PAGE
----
According to a study by the University of Queensland published in Social Science & Medicine in 2013, inclusion in social groups reduces a person’s likelihood for current depression, and prevents future depression. The more groups you’re a part of, the greater the preventative effects. This is not to say that having friends or even just acquaintances is the end-all-be-all cure to depression, but rather to show the relationship between social belonging and mental wellbeing.
During the first lockdown, when there was still a nervous novelty to the pandemic, I remember friends, family members, and classmates posting funny things on social media about toilet paper and the apocalypse and trying to make the situation feel more tolerable. I remember watching videos of people around the world singing together from their balconies and feeling a deep sense of humanity, a sense that we were all experiencing something together.
To a large extent, social media usage fulfills many of our evolutionary needs that also occur offline, like connecting with others, managing our reputations in the minds of others, and prompting self-referential thought, according to an article by Dar Meshi, Diana I. Tamir, and Hauke R. Heekeren published in Trends in Cognitive Sciences in 2015. These social needs are hardwired in order to ensure our survival.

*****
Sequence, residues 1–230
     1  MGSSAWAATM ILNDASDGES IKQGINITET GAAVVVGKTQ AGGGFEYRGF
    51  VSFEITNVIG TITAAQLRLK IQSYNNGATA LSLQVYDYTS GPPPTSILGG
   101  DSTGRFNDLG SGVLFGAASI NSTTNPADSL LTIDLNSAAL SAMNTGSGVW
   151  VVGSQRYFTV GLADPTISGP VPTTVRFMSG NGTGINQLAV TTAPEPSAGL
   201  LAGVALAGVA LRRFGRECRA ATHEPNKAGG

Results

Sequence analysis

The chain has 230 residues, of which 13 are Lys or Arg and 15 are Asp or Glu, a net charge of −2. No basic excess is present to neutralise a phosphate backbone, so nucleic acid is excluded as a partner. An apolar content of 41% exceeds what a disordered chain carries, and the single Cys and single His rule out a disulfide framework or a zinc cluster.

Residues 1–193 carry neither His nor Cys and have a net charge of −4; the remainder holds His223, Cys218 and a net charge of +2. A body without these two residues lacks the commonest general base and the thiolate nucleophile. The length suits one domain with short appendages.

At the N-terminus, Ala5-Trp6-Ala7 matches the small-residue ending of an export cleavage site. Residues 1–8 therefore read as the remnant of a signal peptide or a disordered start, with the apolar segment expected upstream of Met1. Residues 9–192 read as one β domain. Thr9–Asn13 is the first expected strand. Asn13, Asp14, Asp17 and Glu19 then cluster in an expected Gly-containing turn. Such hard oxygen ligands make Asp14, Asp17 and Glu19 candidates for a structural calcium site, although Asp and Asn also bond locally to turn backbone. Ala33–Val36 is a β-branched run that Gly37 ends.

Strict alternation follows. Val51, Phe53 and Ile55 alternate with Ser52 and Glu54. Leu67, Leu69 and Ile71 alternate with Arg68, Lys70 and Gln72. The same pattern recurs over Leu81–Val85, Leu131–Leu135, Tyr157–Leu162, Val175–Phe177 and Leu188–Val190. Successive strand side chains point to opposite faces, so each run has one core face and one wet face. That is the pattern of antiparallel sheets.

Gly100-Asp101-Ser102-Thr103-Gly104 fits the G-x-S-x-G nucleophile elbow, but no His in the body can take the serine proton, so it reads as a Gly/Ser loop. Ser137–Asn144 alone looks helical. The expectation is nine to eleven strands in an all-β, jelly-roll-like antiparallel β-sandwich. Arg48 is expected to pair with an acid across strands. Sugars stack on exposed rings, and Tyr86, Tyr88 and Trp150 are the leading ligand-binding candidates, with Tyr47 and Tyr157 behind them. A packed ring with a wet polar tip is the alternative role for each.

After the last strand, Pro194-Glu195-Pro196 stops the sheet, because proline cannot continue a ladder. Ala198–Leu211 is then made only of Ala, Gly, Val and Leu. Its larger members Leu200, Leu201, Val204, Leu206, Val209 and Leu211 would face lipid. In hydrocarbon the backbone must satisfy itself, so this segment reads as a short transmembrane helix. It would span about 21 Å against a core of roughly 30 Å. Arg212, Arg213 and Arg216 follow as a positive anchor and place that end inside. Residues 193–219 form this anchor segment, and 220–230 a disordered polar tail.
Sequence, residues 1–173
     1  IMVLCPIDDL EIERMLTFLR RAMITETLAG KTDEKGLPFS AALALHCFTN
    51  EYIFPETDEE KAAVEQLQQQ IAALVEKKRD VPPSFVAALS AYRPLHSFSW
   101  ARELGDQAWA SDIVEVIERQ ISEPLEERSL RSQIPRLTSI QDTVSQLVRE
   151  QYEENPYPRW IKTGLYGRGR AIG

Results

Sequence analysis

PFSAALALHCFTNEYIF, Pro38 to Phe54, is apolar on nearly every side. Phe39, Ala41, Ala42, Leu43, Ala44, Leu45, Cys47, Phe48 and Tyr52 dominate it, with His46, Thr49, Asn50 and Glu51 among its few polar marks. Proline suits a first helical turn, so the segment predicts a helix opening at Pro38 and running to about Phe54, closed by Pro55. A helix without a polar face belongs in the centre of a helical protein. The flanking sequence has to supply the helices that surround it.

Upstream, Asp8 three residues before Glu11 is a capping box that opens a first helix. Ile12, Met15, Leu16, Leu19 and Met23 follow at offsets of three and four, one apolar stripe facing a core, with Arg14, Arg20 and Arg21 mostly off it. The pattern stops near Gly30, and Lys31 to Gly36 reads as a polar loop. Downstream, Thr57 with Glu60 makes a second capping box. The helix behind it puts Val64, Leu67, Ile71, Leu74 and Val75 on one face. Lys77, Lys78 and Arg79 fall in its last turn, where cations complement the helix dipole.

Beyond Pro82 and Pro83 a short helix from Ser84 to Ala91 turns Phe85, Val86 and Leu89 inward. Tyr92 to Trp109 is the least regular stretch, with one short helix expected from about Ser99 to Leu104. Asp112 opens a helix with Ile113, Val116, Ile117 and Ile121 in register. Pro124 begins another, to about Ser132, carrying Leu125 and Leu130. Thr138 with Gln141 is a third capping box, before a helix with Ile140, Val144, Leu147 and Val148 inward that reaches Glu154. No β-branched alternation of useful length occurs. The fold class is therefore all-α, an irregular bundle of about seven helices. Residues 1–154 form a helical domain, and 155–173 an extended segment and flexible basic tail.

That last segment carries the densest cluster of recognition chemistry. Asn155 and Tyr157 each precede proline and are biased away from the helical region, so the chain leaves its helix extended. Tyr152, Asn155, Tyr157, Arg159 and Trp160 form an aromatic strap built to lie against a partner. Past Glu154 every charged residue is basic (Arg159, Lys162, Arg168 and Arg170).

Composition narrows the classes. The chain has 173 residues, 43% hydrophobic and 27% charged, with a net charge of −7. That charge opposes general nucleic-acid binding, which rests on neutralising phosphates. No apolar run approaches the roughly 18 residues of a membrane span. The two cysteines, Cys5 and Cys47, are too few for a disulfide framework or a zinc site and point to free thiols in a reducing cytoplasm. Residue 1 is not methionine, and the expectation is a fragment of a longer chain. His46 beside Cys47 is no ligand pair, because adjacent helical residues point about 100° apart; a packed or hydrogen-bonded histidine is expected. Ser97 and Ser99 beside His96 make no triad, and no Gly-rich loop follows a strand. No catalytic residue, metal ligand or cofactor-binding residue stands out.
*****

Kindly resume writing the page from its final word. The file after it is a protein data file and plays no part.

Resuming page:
In the absence of real-world social input, or at least not enough of it, we turned to social media to satisfy those innate drives for belonging or companionship. My personal vice then was TikTok, where I felt like I had a sense of community because of the infamous seamlessly tailored feed. The problem is, TikTok, Twitter, Instagram, all of them, they’re carefully crafted to be addictive.
Rebecca Rast, Joshua T. Coleman and Christina S. Simmers reported in the Journal of Social Media in Society in 2021 that many social media users experience time distortion and behavior changes, and even withdrawal symptoms when they take a break. In addition to the addictiveness, what we do on social media is not an accurate depiction of real-world relationships or community. Some people post candids of their happiest or most picturesque moments, and some people post cropped and/or filtered selfies. Very few people post about the boring or bad days.